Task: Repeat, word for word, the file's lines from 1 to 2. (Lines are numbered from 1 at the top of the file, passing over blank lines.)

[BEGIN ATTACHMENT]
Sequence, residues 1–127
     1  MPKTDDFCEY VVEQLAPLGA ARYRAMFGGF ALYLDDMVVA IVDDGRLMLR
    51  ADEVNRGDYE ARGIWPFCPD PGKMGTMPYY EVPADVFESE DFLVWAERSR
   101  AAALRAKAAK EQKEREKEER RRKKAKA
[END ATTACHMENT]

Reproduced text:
Sequence, residues 1–127
     1  MPKTDDFCEY VVEQLAPLGA ARYRAMFGGF ALYLDDMVVA IVDDGRLMLR